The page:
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Elevated levels of vitamin D and deficiency of mannose binding lectin in dengue hemorrhagic fever

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Altered plasma concentrations of vitamin D and mannose binding lectin (MBL), components of innate immunity, have been shown to be associated with the pathogenesis of viral infections. The objective of the present study was to find out whether plasma concentrations of MBL and vitamin D are different in patients with dengue fever (DF) and dengue hemorrhagic fever (DHF). The results The plasma concentrations of vitamin D and MBL were assessed in 48 DF cases, 45 DHF cases and 20 apparently healthy controls using ELISA based methods. Vitamin D concentrations were found to be higher among both DF and DHF cases as compared to healthy controls ( P < 0.005 and P < 0.001). Vitamin D concentrations were not different between DF and DHF cases. When the dengue cases were classified into primary and secondary infections, secondary DHF cases had significantly higher concentrations of vitamin D as compared to secondary DF cases ( P < 0.050). MBL concentrations were not significantly different between healthy controls and dengue cases. MBL concentrations were observed to be lower in DHF cases as compared to DF cases ( P < 0.050). Although MBL levels were not different DF and DHF cases based on immune status, the percentage of primary DHF cases (50%) having MBL levels lower than 500 ng/ml were less compared to primary DF cases ( P = 0.038). Conclusions The present study suggests that higher concentrations of vitamin D might be associated with secondary DHF while deficiency of MBL may be associated with primary DHF.
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Alagarasuet al. Virology Journal2012,9:86 http://www.virologyj.com/content/9/1/86
R E S E A R C HOpen Access Elevated levels of vitamin D and deficiency of mannose binding lectin in dengue hemorrhagic fever 1 11 11,2* Kalichamy Alagarasu , Rupali V Bachal , Asha B Bhagat , Paresh S Shahand Cecilia Dayaraj
Abstract Background:Altered plasma concentrations of vitamin D and mannose binding lectin (MBL), components of innate immunity, have been shown to be associated with the pathogenesis of viral infections. The objective of the present study was to find out whether plasma concentrations of MBL and vitamin D are different in patients with dengue fever (DF) and dengue hemorrhagic fever (DHF). The results:The plasma concentrations of vitamin D and MBL were assessed in 48 DF cases, 45 DHF cases and 20 apparently healthy controls using ELISA based methods. Vitamin D concentrations were found to be higher among both DF and DHF cases as compared to healthy controls (P<0.005 andP<0.001). Vitamin D concentrations were not different between DF and DHF cases. When the dengue cases were classified into primary and secondary infections, secondary DHF cases had significantly higher concentrations of vitamin D as compared to secondary DF cases (P<0.050). MBL concentrations were not significantly different between healthy controls and dengue cases. MBL concentrations were observed to be lower in DHF cases as compared to DF cases (P<0.050). Although MBL levels were not different DF and DHF cases based on immune status, the percentage of primary DHF cases (50%) having MBL levels lower than 500 ng/ml were less compared to primary DF cases (P= 0.038). Conclusions:The present study suggests that higher concentrations of vitamin D might be associated with secondary DHF while deficiency of MBL may be associated with primary DHF. Keywords:Dengue, Vitamin D, Mannose binding lectin, DF, DHF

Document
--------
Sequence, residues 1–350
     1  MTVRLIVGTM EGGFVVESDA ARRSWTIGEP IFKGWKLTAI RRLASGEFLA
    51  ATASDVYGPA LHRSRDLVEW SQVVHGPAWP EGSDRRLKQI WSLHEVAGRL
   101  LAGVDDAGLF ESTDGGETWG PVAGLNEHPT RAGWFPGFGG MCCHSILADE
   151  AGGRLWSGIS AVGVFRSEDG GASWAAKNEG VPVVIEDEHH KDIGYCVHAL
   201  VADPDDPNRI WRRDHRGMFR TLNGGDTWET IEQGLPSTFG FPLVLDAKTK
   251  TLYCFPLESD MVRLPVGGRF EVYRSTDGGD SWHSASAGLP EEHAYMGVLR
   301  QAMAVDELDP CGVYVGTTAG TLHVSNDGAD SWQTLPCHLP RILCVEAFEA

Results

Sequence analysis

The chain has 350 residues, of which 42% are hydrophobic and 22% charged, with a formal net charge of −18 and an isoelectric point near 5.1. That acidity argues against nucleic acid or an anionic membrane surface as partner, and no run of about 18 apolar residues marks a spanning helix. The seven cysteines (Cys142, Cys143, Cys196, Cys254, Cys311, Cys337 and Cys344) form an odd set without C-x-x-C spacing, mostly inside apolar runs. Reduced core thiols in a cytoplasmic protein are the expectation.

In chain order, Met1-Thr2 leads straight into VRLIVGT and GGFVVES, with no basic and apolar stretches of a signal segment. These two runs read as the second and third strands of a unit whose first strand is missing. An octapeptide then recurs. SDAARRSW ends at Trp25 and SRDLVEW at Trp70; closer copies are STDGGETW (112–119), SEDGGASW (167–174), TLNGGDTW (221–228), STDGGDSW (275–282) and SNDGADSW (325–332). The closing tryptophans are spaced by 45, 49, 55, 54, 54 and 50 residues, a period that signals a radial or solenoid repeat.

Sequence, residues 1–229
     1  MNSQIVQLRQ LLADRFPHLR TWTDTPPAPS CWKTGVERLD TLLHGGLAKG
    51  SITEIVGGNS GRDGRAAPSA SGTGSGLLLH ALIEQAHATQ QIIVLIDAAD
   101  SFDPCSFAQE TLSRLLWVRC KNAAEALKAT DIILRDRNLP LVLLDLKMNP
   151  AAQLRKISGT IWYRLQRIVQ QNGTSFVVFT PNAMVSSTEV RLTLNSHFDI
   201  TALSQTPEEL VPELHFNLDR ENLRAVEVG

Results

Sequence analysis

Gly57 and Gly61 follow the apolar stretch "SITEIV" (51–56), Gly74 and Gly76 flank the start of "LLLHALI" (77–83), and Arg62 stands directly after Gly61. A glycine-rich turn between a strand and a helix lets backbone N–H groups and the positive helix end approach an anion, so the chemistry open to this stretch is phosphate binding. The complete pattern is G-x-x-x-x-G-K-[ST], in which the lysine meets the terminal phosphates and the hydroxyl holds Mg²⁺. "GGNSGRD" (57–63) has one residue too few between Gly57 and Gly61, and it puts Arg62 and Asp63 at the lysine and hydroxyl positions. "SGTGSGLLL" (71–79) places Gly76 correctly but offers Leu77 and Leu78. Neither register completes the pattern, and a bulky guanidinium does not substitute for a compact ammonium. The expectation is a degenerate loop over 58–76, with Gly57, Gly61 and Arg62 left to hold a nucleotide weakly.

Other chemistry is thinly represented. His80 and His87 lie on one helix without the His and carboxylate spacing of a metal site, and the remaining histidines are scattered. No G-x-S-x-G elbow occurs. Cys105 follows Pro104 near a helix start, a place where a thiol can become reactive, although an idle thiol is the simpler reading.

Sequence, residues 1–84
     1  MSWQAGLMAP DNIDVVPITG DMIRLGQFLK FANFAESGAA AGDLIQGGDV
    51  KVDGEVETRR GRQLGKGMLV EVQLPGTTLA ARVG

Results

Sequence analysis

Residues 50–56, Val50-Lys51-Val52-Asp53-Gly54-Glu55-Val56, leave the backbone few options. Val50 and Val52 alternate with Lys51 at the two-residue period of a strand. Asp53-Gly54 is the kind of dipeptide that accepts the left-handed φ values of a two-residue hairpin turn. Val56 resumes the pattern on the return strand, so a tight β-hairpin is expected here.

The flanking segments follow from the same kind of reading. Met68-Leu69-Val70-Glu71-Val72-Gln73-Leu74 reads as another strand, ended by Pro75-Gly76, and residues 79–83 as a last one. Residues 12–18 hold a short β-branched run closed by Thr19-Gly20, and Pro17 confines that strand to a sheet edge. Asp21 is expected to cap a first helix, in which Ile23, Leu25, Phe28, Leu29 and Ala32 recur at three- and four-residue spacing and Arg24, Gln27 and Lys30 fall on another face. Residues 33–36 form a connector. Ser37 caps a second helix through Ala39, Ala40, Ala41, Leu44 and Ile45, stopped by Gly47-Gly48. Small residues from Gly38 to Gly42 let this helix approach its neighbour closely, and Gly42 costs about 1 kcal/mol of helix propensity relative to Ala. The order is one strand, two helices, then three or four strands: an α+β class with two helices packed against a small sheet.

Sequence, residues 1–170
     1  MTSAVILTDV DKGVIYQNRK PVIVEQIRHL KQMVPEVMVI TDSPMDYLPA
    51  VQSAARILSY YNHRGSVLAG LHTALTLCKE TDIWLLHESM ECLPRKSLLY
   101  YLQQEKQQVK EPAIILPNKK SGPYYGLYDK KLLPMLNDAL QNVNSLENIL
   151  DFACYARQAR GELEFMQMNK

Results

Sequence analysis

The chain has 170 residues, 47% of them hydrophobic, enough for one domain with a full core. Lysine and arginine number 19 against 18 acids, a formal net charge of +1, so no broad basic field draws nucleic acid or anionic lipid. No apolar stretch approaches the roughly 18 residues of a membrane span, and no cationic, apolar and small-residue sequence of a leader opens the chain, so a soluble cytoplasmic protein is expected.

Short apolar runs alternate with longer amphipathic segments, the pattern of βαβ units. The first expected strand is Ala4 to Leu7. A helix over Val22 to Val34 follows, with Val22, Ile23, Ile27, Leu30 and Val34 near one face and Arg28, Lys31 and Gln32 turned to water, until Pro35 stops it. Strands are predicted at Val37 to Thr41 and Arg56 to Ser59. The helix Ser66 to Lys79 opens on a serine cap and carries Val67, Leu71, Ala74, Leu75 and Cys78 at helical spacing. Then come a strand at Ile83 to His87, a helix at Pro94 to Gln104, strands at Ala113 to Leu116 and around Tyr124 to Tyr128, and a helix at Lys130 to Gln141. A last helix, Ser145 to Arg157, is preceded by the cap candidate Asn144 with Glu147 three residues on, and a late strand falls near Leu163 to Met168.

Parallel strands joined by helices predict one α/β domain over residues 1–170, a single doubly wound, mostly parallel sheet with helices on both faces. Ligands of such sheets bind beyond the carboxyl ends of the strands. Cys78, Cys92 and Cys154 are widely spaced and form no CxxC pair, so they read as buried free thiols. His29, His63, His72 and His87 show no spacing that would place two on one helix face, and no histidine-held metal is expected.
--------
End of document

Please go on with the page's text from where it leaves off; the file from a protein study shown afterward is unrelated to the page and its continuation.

Background Dengue, caused by dengue virus (DENV), constitutes a public health emergency of international concern. DENV infection in humans results in a spectrum of outcomes ranging from asymptomatic to undifferentiated fever, mild form of the disease namely dengue fever (DF) to se vere forms including dengue hemorrhagic fever (DHF) and dengue shock syndrome (DSS) that may be fatal [1]. The outcome of DENV infection is determined by mul tiple factors including viral virulence, host genetics and host immune responses [2].
* Correspondence: cecilia.dayaraj@gmail.com 1 Dengue group, National Institute of Virology, 20A, Ambedkar road, Pune Maharashtra, India 2 National Institute of Virology, 20A, Ambedkar road, Pune, 411001, Maharashtra, India
Among the various components of host immune responses, T cells, antibodies, cytokine storm and complement factors contribute to the pathogenesis of den gue [2]. Epidemiological studies have shown an association between DHF/DSS and secondary DENV infection. Preex isting antibodies and cross reactive T cell responses induced by the primary infection is believed to exacerbate the disease during secondary infection [3,4]. Proinflammatory cytokines namely interleukin8 (IL8), tumor necrosis factorαand interferonγand anti inflammatory cytokine IL10 also contribute to dengue disease pathogen esis [511]. Activation of T cells, antibodies and cytokines are influenced by various immunomodulators. Increase or decrease in the levels of these immunomodulators influences the outcome of viral infections [12]. Vitamin D is a potent immunomodulator affecting both innate and adaptive immune responses. Vitamin D binds to Vitamin D receptor (VDR), translocates to the
© 2012 Alagarasu et al.; licensee BioMed Central Ltd This is an Open Access article distributed under the terms of the Creative Commons Attribution License (http://creativecommons.org/licenses/by/2.0), which permits unrestricted use, distribution, and reproduction in any medium, provided the original work is properly cited.